Quick Hits

Apple Debuts Its Rapid Response Security Update Approach

Smaller fixes deliver quick improvements for iPhones, iPads, and iMacs between software updates.

Apple rolled out the first of its kind Rapid Security Response update — quick fixes automatically installed on iPhones, iPads, and iMacs in-between software updates.

On May 1, devices with default settings were updated with iOS 16.4.1, iPadOS 16.4.1, or macOS Ventura 13.3.1, according to the company's notice to users, which contained few details. Rapid Response fixes are designated with a letter after the software version software number, Apple added — macOS 13.3.1 (a) will be listed on updated Macs, for instance.

The automatic Rapid Security Response updates can be disabled in the device settings, the company said. The updates come just weeks after a pair of Apple zero-days were under active exploit in the wild.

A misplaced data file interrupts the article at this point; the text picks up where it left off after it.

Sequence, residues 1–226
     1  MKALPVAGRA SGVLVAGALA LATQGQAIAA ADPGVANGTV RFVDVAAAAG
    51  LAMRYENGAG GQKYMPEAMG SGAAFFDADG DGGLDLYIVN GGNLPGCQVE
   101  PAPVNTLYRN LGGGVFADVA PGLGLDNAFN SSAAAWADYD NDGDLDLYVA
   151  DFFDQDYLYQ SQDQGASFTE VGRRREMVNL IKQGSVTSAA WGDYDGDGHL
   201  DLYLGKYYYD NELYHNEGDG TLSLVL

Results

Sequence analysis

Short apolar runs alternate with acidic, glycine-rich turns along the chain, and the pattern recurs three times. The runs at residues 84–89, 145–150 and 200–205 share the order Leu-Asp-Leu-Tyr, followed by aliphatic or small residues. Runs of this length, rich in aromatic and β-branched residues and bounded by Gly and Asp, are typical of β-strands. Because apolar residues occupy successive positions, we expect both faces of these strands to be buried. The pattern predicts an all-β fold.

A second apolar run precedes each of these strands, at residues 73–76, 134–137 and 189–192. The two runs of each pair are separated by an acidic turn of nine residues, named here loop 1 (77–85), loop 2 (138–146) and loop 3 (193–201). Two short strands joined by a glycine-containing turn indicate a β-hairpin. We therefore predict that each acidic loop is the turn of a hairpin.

"They deliver important security improvements between software updates — for example, improvements to the Safari Web browser, the WebKit framework stack, or other critical system libraries," Apple's notice explained about its Rapid Security Responses. "They may also be used to mitigate some security issues more quickly, such as issues that may have been exploited or reported to exist."